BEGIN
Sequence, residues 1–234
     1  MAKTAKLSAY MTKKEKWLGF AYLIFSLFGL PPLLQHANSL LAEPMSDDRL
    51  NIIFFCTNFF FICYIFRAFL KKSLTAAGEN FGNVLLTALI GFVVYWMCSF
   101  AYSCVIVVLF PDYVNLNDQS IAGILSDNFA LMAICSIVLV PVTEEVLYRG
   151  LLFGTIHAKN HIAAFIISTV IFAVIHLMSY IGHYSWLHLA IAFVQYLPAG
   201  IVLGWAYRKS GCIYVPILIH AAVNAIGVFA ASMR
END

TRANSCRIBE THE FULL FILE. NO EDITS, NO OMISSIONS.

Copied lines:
Sequence, residues 1–234
     1  MAKTAKLSAY MTKKEKWLGF AYLIFSLFGL PPLLQHANSL LAEPMSDDRL
    51  NIIFFCTNFF FICYIFRAFL KKSLTAAGEN FGNVLLTALI GFVVYWMCSF
   101  AYSCVIVVLF PDYVNLNDQS IAGILSDNFA LMAICSIVLV PVTEEVLYRG
   151  LLFGTIHAKN HIAAFIISTV IFAVIHLMSY IGHYSWLHLA IAFVQYLPAG
   201  IVLGWAYRKS GCIYVPILIH AAVNAIGVFA ASMR